Presentation on theme: "The housing pathways of income support recipients Presentation to 2nd Australasian Housing Researchers’ Conference: Reshaping Australasian Housing Research."— Presentation transcript:
The housing pathways of income support recipients Presentation to 2nd Australasian Housing Researchers’ Conference: Reshaping Australasian Housing Research Dr Tim Seelig University of Queensland Social Research Centre 20 June 2007
2 Concepts of housing consumption patterns over time Historically, tenures seen as being rungs of a hierarchical housing ladder, and housing career patterns involving progression to home ownership are under challenge. Household mobility suggests less uniformity and certainty in the housing system - there is a growing separation or “disconnectedness” between housing careers and other life course events (Winter and Stone 1999) “Housing careers and tenure arrangements are becoming more complex at the same time as the life cycle sequence of household structure is less predictable” Maher (1997: 5) Concept of ‘housing pathways’ (Clapham 2002) more helpful in describing how people act upon their changing needs and circumstances over time through changes in housing options and tenure transitions (shaped by choices and constraints). The housing consumption patterns of income support recipients (ISRs) over time has received little research attention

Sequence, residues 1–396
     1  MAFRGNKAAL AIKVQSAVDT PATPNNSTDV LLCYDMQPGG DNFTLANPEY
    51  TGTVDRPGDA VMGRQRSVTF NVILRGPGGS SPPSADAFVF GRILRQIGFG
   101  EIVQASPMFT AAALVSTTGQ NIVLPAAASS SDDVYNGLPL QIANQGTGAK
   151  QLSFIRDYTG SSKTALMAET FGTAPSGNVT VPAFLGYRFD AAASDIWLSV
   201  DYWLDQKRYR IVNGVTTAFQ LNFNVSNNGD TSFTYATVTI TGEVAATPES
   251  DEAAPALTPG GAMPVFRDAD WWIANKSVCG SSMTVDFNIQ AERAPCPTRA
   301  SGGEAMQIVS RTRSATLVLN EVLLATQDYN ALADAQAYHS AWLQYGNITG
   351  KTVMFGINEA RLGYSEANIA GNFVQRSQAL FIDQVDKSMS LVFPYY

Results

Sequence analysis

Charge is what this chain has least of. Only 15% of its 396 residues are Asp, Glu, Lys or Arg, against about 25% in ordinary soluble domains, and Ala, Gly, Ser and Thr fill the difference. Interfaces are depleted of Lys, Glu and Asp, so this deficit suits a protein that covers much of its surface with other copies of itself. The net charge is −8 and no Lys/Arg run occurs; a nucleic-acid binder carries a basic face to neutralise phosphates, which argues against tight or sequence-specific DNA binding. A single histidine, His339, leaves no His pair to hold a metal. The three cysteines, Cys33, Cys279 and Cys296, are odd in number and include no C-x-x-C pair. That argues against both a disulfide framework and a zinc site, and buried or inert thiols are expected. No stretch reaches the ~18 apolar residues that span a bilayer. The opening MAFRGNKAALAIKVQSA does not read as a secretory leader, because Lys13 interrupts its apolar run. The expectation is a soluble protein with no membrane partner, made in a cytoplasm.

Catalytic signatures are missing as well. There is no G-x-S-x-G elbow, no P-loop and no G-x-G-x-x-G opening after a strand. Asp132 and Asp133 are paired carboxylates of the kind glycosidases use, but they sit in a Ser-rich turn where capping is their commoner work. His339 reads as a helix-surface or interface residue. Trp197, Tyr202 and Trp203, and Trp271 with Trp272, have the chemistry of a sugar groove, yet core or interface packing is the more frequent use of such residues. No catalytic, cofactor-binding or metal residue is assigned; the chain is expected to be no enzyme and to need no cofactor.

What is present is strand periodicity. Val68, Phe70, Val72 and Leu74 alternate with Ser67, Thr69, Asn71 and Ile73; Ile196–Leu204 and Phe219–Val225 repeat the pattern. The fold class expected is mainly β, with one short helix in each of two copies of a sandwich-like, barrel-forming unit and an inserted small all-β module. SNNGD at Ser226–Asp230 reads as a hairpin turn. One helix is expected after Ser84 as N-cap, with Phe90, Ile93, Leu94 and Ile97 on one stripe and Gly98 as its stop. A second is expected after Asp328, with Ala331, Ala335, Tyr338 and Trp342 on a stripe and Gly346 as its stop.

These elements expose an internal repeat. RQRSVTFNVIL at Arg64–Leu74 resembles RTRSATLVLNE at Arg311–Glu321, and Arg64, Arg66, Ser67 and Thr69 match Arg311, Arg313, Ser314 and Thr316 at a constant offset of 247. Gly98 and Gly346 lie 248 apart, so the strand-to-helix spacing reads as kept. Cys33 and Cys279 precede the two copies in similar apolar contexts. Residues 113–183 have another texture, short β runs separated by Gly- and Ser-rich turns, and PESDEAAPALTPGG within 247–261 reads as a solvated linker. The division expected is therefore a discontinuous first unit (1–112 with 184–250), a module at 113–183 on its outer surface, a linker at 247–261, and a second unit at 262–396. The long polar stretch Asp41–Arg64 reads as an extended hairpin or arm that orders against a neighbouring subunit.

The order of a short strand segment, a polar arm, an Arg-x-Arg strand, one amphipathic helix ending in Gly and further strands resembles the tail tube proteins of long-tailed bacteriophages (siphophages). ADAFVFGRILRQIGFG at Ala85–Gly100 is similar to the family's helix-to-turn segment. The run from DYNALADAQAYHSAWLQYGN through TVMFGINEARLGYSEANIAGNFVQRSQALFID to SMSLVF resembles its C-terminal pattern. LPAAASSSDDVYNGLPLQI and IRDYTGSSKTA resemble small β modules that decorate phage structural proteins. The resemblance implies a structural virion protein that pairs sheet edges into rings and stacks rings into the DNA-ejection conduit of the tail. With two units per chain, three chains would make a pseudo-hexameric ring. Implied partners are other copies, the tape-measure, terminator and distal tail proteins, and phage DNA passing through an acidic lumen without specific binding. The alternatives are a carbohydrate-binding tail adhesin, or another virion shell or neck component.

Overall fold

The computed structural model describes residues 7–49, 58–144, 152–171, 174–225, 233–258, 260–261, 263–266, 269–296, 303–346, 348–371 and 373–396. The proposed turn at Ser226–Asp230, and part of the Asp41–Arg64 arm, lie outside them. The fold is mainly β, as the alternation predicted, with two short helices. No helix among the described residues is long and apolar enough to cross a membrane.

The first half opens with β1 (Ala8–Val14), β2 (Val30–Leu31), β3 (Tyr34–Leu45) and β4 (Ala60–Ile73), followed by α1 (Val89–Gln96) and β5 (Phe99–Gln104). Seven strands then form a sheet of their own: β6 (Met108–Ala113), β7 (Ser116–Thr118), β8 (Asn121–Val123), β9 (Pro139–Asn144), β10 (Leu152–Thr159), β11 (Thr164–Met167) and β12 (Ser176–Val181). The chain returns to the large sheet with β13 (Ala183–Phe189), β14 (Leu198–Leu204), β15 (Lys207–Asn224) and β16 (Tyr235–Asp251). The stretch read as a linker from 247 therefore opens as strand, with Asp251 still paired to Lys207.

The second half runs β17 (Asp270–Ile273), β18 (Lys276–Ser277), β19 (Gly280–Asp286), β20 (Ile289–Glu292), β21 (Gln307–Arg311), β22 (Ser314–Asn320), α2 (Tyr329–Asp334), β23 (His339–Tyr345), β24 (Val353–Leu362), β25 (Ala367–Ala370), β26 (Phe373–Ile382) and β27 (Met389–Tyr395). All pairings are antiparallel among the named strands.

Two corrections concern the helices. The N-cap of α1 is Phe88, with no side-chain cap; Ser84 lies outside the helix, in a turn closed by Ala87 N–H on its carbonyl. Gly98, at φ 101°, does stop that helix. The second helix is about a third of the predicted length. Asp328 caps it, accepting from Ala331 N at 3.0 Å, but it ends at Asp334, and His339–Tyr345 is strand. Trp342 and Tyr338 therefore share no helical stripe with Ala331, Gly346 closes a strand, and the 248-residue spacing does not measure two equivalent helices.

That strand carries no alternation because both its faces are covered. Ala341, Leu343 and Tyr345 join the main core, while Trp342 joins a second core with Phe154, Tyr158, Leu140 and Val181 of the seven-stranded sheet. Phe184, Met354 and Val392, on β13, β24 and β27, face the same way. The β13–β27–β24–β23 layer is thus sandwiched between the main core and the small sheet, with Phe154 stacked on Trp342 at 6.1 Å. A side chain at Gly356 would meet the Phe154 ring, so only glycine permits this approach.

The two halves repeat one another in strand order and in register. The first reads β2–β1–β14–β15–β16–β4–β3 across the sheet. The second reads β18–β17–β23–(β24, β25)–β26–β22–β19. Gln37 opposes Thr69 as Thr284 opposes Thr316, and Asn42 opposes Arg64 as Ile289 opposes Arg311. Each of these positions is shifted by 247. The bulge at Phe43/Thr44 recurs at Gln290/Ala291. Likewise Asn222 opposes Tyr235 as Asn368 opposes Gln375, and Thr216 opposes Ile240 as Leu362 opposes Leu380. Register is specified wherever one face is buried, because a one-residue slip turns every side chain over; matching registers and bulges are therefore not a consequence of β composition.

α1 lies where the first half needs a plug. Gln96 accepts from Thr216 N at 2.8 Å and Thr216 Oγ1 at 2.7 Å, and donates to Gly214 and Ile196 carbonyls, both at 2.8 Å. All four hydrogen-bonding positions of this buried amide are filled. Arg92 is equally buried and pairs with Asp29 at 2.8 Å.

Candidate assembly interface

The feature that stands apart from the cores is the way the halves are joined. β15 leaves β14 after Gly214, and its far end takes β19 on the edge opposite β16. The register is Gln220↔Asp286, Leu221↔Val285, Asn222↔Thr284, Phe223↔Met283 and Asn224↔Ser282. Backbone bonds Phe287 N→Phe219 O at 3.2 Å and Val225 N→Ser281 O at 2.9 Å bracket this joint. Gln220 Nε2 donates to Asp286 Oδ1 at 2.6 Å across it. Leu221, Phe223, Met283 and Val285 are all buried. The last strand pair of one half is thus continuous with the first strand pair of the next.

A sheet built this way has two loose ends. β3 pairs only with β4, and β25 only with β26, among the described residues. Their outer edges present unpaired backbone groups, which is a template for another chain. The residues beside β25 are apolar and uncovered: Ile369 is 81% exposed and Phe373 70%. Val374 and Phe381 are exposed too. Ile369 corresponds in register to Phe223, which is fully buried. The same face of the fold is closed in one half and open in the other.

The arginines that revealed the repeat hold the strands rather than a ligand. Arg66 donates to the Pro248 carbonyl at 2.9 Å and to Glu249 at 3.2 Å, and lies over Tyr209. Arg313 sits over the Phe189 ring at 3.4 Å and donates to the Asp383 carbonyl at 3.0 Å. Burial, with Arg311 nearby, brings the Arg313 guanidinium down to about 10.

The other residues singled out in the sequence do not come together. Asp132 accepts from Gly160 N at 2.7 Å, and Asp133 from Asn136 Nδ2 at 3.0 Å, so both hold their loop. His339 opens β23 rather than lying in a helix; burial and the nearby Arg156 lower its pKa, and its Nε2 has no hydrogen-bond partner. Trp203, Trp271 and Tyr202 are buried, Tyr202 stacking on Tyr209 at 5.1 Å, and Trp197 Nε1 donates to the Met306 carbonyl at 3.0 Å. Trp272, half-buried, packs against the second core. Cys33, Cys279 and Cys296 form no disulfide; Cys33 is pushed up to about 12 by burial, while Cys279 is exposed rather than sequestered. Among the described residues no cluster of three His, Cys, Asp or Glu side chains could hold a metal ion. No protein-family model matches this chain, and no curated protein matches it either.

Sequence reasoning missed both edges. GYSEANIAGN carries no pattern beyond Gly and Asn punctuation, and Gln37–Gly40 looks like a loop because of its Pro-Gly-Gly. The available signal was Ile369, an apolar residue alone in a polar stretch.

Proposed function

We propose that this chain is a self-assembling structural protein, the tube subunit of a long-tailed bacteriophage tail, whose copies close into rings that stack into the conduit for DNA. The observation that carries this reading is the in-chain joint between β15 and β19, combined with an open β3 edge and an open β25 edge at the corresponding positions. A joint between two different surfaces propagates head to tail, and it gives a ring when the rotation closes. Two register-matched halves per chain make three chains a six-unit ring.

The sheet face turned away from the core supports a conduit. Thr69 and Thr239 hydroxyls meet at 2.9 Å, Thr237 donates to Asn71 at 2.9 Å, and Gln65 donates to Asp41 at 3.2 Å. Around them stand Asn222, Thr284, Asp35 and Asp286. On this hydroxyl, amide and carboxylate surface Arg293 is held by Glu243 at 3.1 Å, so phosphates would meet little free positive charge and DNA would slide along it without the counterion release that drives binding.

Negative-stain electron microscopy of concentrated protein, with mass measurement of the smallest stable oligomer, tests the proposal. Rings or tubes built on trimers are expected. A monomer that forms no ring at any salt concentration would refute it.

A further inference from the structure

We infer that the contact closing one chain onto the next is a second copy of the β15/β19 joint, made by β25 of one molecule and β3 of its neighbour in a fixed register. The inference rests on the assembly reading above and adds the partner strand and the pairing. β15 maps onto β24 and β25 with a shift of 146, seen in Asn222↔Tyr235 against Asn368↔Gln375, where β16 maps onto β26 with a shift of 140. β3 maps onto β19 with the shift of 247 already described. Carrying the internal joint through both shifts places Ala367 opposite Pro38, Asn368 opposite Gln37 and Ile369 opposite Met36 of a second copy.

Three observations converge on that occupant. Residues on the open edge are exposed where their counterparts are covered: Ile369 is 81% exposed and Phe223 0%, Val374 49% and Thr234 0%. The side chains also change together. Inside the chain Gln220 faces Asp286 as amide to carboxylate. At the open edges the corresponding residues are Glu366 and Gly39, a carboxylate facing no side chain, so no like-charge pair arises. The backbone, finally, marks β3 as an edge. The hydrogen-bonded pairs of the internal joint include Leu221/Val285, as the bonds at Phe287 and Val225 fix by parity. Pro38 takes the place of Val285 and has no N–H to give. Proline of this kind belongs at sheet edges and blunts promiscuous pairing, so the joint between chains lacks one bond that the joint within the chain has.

3 Background to the study Study for AHURI based on analysis of Australian Govt ‘Longitudinal Data Set’, one percent Sample (1995-2003) Study has examined income support recipients over time in relation to: –tenures and tenure changes –relationships between tenure changes and changes in income –tenure changes in and other changes in characteristics or circumstances –How the relationships and arrangements between tenure and other factors vary by discrete groups of income support recipients.